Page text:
News about computers, microcomputers, hobbyist, robotics, computing, museums, Bugbooks, Computers at Bugbook Historical Computer Museum, Floyd VA - the history makers present and historical.

Monday, August 18, 2014

Vintage Computers - Paul Terrell - Helps with information about Apple 1 computer in wooden case.

Click on Photo to enlarge
Bugbook Historical Microcomputer Museum
Searching for source of this
 wooden case on my 
Apple 1 Computer
Bugbook Historical Microcomputer Museum
Museum Bugs with
Apple 1 computer 
I received the email below from Paul Terrell 7/4/13 in my hunt to find out where the wooded case on my Apple 1 computer may have originated. Paul started Byte Shop in December 1975 and purchased the first 50 Apple 1 computers from Jobs and Woz. This large purchase played a very important part of the success of the Apple Company start up. Without this purchase and marketing by Byte Shop the Apple Company we know today may not exist.  Paul grew his stores into a franchise operation that reached from the United States to Japan. He also began manufacturing the  "Byte 8" computer for sale in his Byte Shop stores. Paul had a really great idea with his Byte Shop stores. I gleaned  some of this information from Wikipedia - take a look you will find Paul's story a very interesting and an important part of the Personal Computer revolution.
----------------------------------------------------------------------------------------------

Here is the email from Paul Terrell:
Bugbook Historical Microcomputer Museum
Paul Terrell
This is from Steve Williams who worked at the Byte Shop in Palo Alto and one of their customers made the wooden cases and sold them to the store managers and owners. I am not sure of the actual wood used but I do remember putting one together myself in the Byte Shop Mt. View (Original store where I bought the first 50 from jobs and Woz) and the wood of that case was not shinny and didn't have any grain to speak of. It could have been Koa . Bob Moody the manager of the Palo Alto store might have a better recollection .
Paul


This must have been written by Steve Williams.
The Apple 1 pictured wasn't sold by Steve Jobs at the Byte Shop. Rather, Jobs and Woz sold the Apple 1s to the Byte Shop chain as bare boards, and the Byte Shop chased down keyboards and power supplies, and hired somebody to make the wooden cases pictured. In the photo, the really innovative, bare board computer that Jobs and Woz produced is hidden inside the case.

Photo of Apple 1 with keyboard in wood case.

The Byte Shops had bought the Apple 1s during the year prior to my arrival. By the time I got there, the Apple 1s were an annoyance. Most of them didn't work, they weren't selling, and Apple wasn't being very responsive. The wooden cases were really crappy, too. And the surplus keyboards were expensive and in short supply.
One of my first tasks was to carry a whole stack of bad Apple 1 boards back to Apple. My boss gave me directions to a little one-story office mall in Cupertino. I found it modern, but Apple's offices were pretty bare. I arrived bearing my stack of boards, and the four or five Apple people went and retrieved Jobs. He seemed unfazed that a stack of Apple 1 boards had failed. "So, what do you think of the Apple 1?" he asked. I didn't know anything about it, having worked only on SWTPC 6800 micros and the big computers at BYU. I said something like, "I don't know, but my boss thinks they're not very reliable." He wasn't pleased, but breezed off to dazzle the next visitor. He was pretty famous, in a small way, even then.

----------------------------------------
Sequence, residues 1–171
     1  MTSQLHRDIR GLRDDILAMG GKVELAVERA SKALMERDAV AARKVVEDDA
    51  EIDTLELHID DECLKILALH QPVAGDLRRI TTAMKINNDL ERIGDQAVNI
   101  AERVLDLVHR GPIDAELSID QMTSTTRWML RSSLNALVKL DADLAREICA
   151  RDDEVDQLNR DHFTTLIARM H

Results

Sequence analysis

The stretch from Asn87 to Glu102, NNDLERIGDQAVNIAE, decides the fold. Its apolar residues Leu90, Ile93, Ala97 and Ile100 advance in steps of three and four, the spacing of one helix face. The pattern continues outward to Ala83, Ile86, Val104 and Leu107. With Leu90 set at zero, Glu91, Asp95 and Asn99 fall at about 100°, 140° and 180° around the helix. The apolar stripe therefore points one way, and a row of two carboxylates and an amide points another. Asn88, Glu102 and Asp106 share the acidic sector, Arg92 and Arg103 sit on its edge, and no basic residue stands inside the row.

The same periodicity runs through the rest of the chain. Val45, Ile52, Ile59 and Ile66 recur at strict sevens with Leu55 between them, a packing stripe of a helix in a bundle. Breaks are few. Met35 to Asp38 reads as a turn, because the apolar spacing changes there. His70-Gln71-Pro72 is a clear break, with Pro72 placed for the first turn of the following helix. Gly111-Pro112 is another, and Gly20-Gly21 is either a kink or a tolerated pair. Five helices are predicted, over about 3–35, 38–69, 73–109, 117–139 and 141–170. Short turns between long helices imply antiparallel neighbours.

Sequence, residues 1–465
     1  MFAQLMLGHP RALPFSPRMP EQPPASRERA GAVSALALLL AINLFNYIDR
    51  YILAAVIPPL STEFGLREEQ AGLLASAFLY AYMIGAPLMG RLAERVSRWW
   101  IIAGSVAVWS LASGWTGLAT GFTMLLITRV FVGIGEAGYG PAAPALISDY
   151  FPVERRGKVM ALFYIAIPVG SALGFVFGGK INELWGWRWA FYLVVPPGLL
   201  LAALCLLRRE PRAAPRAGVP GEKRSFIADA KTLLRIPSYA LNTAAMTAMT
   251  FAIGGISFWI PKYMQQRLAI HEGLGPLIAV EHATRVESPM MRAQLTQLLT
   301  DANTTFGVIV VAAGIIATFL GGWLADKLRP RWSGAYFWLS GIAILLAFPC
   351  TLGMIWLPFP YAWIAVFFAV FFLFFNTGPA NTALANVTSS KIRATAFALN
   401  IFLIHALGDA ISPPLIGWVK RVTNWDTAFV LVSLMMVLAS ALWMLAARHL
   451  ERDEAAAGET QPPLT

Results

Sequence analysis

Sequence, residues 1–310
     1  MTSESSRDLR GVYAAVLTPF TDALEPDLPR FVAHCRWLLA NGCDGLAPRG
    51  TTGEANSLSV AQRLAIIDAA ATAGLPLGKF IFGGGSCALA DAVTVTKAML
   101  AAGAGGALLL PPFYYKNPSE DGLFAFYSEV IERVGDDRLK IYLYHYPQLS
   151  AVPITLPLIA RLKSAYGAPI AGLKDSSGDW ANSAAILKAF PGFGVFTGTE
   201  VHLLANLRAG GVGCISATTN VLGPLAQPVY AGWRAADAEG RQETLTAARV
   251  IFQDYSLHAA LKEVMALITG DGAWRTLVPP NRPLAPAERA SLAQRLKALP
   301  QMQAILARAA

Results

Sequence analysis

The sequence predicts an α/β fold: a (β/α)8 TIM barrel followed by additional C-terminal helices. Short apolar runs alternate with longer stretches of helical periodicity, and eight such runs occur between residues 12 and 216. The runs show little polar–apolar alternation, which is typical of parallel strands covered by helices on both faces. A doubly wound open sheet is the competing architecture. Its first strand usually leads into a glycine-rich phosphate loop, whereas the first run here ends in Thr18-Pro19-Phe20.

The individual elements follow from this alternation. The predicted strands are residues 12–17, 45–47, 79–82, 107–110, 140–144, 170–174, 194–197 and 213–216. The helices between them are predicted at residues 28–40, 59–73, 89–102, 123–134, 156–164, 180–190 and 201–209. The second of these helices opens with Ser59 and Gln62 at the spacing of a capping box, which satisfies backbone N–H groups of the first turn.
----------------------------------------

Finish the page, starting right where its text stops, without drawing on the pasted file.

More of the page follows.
It was only a few months later that the Apple II became available. It was hotly anticipated by the hobbyists of the time. The first Apple II delivered to a customer was through our store. Someone from Apple drove up from Cupertino and dropped it off at the store. We set it up on a table in the front of the store and called a bunch of our customers to come in and see it. By the time the buyer arrived, there was an SRO crowd trying to see it draw abstract images (in color!) on a TV set we used as a monitor. (That's about all it did, since no software was available for it.) The buyer scooped it up and took it home, and we didn't see another for weeks.
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bugbook Historical Microcomputer Museum
Early Byte Shop Store

I tried to contact Bob Moody the manager of the original Byte Shop Palo Alto store with no luck so far.

Thank you Paul Terrell for this information.


David Larsen
David Larsen KK4WW
I still am not sure of the origin of the wooden case on the Apple 1 computer I purchased from John Burch about 25 years ago. The case is well made and beautiful as you can see from the photo in upper left of this post. I would be delighted to hear from anyone with knowledge of these wooden cases.

."by David Larsen"  KK4WW Computer Collector Historian   
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Tuesday, August 12, 2014

Computer Museum - Busy day - visitors - music jam - Amateur Radio club meeting - Interviewed by reporter

Bugbook Historical Microcomputer Museum
Museum BugsA
 home run today
Today was a great day with many activities at the museum- visitors - music jam - Amateur Radio club meeting - Interviewed by reporter - new displays . 


"CLICK" photos to enlarge
LR Emily Wilson,Catherine Vanney, Matt Gentry